The present inventions are directed a system and method for chemical mechanical planarization with reduced defects. A high pH is maintained at the wafer surface through the entire polish process and only lowered when necessary in a controlled fashion after CMP and during the post-polish clean. The system includes a wafer input/output area including a wet transfer mechanism for transferring a first wafer to a first polishing platen and to a second polishing platen while keeping the wafer wetted with a high pH solution. A first polishing platen including a first high pH slurry source and a first high pH solution rinse source is used to polish and rinse the wafer surface. A second polishing platen performs a second polish on the wafer using a second high pH slurry source and a second high pH solution rinse source. The number of defects at the surface of the wafer is reduced as the pH at the wafer surface is maintained substantially constant during processing and, preferably, through the post-polish cleans.
Related objects and advantages of the present invention will be apparent from the following description.
BRIEF DESCRIPTION OF THE DRAWINGS
The present invention is illustrated by way of example, and not by way of limitation, in the figures of the accompanying drawings and in which like reference numerals refer to similar elements and in which:
FIG. 1 is a block diagram of a prior art CMP machine.
FIG. 2 is a side partial perspective view of a semiconductor wafer.
FIG. 3 is a block diagram of one example of a prior art typical CMP process system.
FIG. 4 is a table showing the pH level of the wafer surface at the end of each polishing step of the system of FIG. 3.
FIG. 5 is a block diagram of a CMP machine in accordance with one embodiment of the present inventions.
FIG. 6 is a block diagram of a CMP process system in accordance with one embodiment of the present inventions.
FIG. 7 is a table showing the pH level of the wafer surface at the end of each polishing step of the system of FIG. 6.
FIG. 8 is a graph of oxide removal rate versus time for a standard slurry prime period and for an extended slurry prime period.
FIG. 9 is a graph of added defects versus time for a standard slurry prime period and for an extended slurry prime period.
DESCRIPTION OF THE PREFERRED EMBODIMENTS
For the purposes of promoting an understanding of the principles of the inventions, reference will now be made to the embodiments illustrated in the drawings and specific language will be used to describe the same. It will nevertheless be understood that no limitation of the scope of the inventions is thereby intended, such alterations and further modifications of the principles of the inventions as illustrated therein being contemplated as would normally occur to one skilled in the art to which the inventions relate.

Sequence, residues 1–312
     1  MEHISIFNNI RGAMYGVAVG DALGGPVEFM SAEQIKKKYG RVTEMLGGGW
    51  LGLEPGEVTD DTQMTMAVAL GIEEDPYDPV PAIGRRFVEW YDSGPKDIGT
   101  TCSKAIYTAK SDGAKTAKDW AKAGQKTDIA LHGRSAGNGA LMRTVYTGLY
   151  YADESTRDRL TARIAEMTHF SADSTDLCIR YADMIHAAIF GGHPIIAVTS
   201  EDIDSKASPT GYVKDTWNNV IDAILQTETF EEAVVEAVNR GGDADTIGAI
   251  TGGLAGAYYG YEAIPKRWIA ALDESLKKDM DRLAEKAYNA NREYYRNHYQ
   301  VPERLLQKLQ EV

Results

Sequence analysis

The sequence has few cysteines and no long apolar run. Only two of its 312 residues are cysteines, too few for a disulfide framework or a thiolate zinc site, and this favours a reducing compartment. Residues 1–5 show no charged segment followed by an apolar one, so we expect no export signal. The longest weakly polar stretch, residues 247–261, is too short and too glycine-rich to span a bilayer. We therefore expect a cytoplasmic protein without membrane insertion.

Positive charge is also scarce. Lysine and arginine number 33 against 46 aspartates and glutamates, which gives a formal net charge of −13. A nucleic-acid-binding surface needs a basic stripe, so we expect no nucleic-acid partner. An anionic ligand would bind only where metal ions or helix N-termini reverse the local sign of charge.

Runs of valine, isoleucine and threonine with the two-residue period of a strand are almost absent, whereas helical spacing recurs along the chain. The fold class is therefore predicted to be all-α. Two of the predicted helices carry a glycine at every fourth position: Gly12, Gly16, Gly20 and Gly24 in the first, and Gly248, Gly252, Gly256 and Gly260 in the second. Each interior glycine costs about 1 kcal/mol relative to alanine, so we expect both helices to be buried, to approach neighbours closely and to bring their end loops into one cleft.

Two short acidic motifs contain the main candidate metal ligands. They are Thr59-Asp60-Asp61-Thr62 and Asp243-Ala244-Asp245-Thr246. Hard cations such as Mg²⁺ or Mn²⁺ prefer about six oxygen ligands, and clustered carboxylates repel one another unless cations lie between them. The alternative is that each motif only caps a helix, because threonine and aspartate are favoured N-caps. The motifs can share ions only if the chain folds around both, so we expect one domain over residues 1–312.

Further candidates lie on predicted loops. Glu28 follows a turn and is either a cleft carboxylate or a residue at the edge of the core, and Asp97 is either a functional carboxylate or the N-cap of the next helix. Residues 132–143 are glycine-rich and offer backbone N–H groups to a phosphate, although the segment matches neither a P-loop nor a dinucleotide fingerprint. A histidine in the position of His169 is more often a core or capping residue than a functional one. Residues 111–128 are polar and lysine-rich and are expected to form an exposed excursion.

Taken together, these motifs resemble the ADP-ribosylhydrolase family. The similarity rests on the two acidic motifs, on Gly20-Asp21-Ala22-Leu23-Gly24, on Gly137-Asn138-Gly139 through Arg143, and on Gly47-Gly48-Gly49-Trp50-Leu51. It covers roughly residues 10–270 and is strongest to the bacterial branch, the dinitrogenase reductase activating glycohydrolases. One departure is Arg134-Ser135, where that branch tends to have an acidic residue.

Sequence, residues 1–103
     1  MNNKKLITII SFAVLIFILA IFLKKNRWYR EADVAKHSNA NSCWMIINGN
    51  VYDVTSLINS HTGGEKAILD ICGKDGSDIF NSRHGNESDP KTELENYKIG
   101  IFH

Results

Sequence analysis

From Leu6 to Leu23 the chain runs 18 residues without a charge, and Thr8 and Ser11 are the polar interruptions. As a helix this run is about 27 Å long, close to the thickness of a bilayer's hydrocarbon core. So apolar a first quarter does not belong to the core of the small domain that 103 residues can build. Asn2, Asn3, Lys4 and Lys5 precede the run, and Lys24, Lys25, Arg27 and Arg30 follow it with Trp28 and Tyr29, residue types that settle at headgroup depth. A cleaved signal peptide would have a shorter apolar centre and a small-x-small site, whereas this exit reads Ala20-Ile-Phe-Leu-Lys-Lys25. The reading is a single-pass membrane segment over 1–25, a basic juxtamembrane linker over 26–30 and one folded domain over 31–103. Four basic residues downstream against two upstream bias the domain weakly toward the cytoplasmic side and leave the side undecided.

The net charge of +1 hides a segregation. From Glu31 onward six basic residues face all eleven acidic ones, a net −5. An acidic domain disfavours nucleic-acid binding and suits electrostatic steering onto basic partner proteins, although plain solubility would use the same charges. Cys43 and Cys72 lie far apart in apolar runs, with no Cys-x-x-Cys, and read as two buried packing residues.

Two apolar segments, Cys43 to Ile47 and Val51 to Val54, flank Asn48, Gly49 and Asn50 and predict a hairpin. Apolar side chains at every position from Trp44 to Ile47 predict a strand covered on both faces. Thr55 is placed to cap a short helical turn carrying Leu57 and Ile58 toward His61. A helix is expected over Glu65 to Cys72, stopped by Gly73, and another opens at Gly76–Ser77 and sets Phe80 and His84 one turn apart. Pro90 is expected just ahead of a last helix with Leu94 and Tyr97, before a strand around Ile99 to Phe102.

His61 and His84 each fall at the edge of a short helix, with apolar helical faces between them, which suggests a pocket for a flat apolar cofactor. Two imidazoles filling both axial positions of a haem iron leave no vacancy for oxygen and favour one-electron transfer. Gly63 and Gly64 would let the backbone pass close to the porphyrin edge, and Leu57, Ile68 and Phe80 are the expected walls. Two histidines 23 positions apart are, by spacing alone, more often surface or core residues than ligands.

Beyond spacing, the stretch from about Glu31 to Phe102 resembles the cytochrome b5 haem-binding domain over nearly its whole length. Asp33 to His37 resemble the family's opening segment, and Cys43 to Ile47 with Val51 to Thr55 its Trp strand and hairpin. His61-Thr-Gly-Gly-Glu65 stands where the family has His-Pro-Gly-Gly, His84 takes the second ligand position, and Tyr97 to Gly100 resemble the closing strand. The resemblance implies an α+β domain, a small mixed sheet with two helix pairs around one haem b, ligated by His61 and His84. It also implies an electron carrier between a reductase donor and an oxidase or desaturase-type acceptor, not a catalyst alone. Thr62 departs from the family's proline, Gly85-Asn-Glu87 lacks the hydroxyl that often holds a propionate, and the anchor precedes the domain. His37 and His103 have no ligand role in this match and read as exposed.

A CMP polishing system and method which maintains a constant, high pH through the entire CMP polish and clean process is provided to minimize defectivity by optimizing the wafer surface environment. The present inventions maintain a high pH at the wafer surface through the entire polish process and then lowers the pH only when necessary in a controlled fashion after the post CMP processing. As such, a high pH is maintained until a time when the least number of particles that can cause defects are present in the environment.
Referring now to FIG. 5, there is shown a block diagram of a CMP machine useful with one embodiment of the present inventions. As with the prior art machine of FIG. 1, the CMP machine 100′ is fed wafers to be polished by an arm 101 and places them onto a rotating polishing pad 102. The lower surface of the wafer 105 rests against the polishing pad 102.
The CMP machine 100′ also includes a slurry dispense tube 107, extending across the radius of the polishing pad 102. The slurry dispense tube 107 dispenses a flow of slurry 106 onto the polishing pad 102 from the slurry source 112. In a system using silica slurry the pH of the slurry is very high, usually around a pH of 10 or 11. Slurry dispense termination is accomplished by turning off a pump, which will stop the flow of slurry onto the pad.
After the slurry dispense process is terminated, the slurry is rinsed from the wafer using a pH adjusted rinse solution from source 310, via rinse tube 308. The pH adjusted rinse has a high pH chemistry and, optionally, surfactants. The pH adjusted rinse replaces the water rinse of the prior art system of FIG. 1. One example of a pH adjusted rinse would be dilute ammonia having a pH of 10 or above. More preferably, the pH adjusted rinse would have a pH of around 11 or above. In one preferred embodiment of the present inventions, the wafer is rinsed with the pH adjusted rinse throughout the entire polish area, including the input/output areas, up until the final spin, rinse and dry station. Thus, the wafer substrate is rid of the slurry, and the pH at the surface of the wafer is maintained at a high pH throughout the process.
Referring now to FIG. 6, there is shown an exemplary chemical mechanical polish cycle 600 using the present inventions. FIG. 7 is a table listing the approximate pH at the surface of the wafer as it passes through the polish cycle 600 of FIG. 6.